For years now, it has hung like a sword of Damocles over the world's financial community. Governments want to know. So do exporters/importers and investors:
When will China revalue its currency?
It's a simple decision by the Chinese government to let the nation's yuan move upward in value against the United States dollar. China would benefit from cheaper imports and more flexibility in carrying out economic policy.
But if the decisions of central banks seem secretive, the workings of China's decisionmakers are downright mysterious. No one outside its inner circle knows when a revaluation decision might be made. Nor does anybody know what it would mean for the world economy.
But pressures are building.
It takes 8.28 yuan to buy one American dollar. China has kept it at that value for more than a decade by buying up dollars on the foreign exchange market when demand for the dollar is too weak. Most big nations allow their currencies to "float" according to supply and demand in the market for currencies. This has some economic advantages.
"It's something [the Chinese] really have to do at some time," says Romeo Dator, portfolio manager for the U.S. Global Investors China Region Opportunity Fund, based in San Antonio. "But it is a question of when. They would really like to surprise people."
One reason is that the element of surprise helps dampen speculation. For example, foreigners interested in making a quick profit might make a deposit of yuan in a Chinese bank, buy Chinese property, or invest in exotic financial instruments that let them buy or sell future yuans at today's prices. But timing is vital, since yuan deposits pay no interest, real estate is risky, and currency speculation can be costly.
The United States and Europe have been pressuring China to revalue its currency. They see a flood of inexpensive imports from China damaging their firms and costing jobs. In the US, the April employment report showed another 6,000 manufacturing jobs gone.
But the Chinese government doesn't want to be seen as being forced to act by Western pressure. Nor does it want to damage its vital job-creating export industries with a too expensive yuan.
So the guessing game continues.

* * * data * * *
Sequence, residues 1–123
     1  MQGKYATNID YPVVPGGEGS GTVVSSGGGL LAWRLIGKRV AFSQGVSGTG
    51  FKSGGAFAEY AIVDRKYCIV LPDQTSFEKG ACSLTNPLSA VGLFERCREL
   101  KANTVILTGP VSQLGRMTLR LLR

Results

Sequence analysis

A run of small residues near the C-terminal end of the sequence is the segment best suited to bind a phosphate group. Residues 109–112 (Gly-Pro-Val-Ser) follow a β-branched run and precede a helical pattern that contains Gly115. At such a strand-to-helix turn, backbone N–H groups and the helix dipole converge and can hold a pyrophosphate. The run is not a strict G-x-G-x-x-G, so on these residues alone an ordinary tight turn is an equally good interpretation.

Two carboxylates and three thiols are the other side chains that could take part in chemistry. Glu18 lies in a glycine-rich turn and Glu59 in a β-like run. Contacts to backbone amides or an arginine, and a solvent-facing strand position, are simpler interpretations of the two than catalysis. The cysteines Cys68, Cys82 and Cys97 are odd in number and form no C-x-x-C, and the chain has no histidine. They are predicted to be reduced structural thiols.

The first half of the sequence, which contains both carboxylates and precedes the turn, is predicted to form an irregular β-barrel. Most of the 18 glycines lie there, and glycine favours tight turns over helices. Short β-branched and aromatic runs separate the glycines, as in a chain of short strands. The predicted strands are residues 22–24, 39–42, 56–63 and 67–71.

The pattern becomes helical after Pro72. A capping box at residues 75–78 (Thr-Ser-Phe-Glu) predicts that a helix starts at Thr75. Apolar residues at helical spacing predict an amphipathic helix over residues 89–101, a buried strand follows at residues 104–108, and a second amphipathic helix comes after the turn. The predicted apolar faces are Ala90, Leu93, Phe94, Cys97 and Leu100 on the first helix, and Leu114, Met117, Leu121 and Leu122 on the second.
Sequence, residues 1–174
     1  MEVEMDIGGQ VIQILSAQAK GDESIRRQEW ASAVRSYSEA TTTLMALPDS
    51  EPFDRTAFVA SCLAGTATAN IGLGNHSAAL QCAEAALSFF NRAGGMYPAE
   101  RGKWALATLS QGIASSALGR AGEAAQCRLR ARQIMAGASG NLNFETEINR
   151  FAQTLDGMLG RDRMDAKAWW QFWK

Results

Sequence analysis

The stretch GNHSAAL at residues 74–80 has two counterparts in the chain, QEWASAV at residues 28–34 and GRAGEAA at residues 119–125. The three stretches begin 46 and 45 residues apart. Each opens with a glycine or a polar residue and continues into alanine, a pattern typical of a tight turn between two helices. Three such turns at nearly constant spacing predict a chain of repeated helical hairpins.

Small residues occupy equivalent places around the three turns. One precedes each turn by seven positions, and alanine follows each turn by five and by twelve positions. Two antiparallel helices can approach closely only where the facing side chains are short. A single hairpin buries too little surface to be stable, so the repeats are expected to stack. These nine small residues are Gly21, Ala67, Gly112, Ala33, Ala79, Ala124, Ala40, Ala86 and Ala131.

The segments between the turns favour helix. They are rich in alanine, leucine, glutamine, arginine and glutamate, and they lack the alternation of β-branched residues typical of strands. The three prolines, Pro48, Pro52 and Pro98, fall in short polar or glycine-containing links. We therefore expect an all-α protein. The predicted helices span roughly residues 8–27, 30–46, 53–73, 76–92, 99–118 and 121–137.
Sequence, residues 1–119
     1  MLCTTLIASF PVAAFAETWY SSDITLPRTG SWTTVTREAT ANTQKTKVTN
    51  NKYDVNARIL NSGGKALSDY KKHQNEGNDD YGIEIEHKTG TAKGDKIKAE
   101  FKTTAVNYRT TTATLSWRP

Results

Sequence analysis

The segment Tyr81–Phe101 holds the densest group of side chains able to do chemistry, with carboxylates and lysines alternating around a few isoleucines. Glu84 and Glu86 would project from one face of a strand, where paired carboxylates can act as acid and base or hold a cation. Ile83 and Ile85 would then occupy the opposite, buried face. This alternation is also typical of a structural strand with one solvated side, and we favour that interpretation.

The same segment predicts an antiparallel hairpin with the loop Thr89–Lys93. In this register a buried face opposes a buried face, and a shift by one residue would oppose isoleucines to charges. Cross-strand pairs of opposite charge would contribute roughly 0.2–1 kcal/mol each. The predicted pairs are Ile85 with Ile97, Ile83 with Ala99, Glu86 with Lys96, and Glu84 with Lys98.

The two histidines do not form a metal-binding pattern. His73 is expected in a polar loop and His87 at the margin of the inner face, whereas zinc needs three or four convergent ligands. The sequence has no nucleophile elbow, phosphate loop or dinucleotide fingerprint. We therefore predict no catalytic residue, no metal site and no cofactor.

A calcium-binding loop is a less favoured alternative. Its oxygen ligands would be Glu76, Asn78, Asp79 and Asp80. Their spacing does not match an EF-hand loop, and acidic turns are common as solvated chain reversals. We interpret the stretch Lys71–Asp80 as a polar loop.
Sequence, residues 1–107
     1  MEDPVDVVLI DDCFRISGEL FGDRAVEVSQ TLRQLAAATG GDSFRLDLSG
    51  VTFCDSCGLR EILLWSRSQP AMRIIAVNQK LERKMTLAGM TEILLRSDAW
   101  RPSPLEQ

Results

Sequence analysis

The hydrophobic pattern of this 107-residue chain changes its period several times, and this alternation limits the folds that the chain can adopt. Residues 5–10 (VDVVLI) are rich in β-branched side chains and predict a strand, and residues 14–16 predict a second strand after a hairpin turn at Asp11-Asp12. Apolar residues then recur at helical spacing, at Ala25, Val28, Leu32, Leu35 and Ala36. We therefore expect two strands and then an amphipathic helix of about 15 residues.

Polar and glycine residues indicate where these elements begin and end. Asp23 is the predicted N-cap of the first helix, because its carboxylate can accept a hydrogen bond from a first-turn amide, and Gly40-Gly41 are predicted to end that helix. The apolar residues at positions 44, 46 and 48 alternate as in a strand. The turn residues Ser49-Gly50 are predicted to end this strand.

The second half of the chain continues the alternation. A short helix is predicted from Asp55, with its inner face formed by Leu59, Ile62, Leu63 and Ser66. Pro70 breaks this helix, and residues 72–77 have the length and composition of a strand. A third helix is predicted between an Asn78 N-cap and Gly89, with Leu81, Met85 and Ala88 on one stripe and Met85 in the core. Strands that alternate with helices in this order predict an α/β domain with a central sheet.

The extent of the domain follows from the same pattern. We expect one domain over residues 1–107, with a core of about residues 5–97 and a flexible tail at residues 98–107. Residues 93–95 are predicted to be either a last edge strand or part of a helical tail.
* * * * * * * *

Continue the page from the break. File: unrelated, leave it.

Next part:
Edmund Harris, the London-based manager of Guinness Atkinson China & Hong Kong Fund, suggests a 3 to 5 percent increase in the value of the yuan in the next few months. "Getting off the peg is the key trick," he says. But with 3,000 years of history behind it, China "doesn't do sudden shifts in policy."
Mr. Dator has a similar view. He suggests a wider trading band for the yuan, where it would fluctuate between 3 to 7 percent of its present value on foreign exchange markets. At the moment, the yuan would quickly move up in value to the top of the chosen band, he adds.
Neither mutual fund has seen a flood of new money from investors hoping to make a gain from revaluation. Don't look at buying shares in the Guinness fund as "a currency play," says Mr. Harris. Rather, see it as an investment in the fast-growing China region. Some stocks listed on the Hong Kong stock exchange are selling at less than 10 times earnings - cheap by the standards for stocks in the US or Europe, he adds.
David Malpass, chief economist in New York of Bear, Stearns & Co., an investment bank, figures China won't make its move until the fourth quarter, and it will be "very limited" - around 3 percent. In a lengthy report, he cites Wei Benhua, deputy director of China's State Administration for Foreign Exchange as suggesting that a "complete liberalization" of China's foreign-exchange system would take "several decades."
Nonetheless, China may find "it's hard to do a little float," notes Charles McMillion, chief economist of MBG Information Services in Washington, D.C.
When Mexico tried to devalue the peso a little bit in 1994, the peso ended up that year down some 80 percent in value. Devaluations are certainly hard to control. Revaluations - an upward move in a currency's value - are rarer, and may be easier for governments to manage.
Stephen Roach, chief economist of Morgan Stanley, another investment bank, urges China to peg the yuan to a basket of currencies, presumably some European and other currencies as well as the dollar.
The US has a massive imbalance in its current account (its international transactions in trade and some financial investments). So "from the standpoint of stability, [China] is taking on unnecessary risk in tying itself to what could well be the most unstable major economy in the development world ... and the most unstable currency in the world," he adds.
China, he maintains, must tilt the structure of its economy toward more private consumption at home. As it is, exports amount to 36 percent of China's economy, more than three times the 10 percent share in the US.
Nobody seems to expect a modest revaluation to have much impact on Chinese exports or American imports.
Only 10 percent of US imports come from China, notes Dator. So raising the value of the yuan by a few percentage points won't discourage many exports.
It will, however, make China's imports of raw materials, mostly denominated in dollars, a bit cheaper. That will tame Chinese inflation a little. A revaluation, though small, also might ease the political pressures from the West on China.
Some speculate that yuan revaluation could push interest rates higher in the US since China might not need to buy so many US Treasury bonds to keep the yuan steady. But nobody really knows.